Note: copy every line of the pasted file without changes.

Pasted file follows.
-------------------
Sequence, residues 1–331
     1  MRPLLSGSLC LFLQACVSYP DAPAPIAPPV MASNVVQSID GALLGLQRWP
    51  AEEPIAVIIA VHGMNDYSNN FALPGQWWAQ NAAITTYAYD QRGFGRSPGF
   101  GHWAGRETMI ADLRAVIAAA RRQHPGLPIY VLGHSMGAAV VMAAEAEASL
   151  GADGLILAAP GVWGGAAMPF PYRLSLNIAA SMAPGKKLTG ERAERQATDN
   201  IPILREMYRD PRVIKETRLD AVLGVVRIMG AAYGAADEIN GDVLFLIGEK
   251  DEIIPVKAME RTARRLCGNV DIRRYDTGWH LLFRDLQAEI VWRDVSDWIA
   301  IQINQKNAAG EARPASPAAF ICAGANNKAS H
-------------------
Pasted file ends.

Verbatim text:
Sequence, residues 1–331
     1  MRPLLSGSLC LFLQACVSYP DAPAPIAPPV MASNVVQSID GALLGLQRWP
    51  AEEPIAVIIA VHGMNDYSNN FALPGQWWAQ NAAITTYAYD QRGFGRSPGF
   101  GHWAGRETMI ADLRAVIAAA RRQHPGLPIY VLGHSMGAAV VMAAEAEASL
   151  GADGLILAAP GVWGGAAMPF PYRLSLNIAA SMAPGKKLTG ERAERQATDN
   201  IPILREMYRD PRVIKETRLD AVLGVVRIMG AAYGAADEIN GDVLFLIGEK
   251  DEIIPVKAME RTARRLCGNV DIRRYDTGWH LLFRDLQAEI VWRDVSDWIA
   301  IQINQKNAAG EARPASPAAF ICAGANNKAS H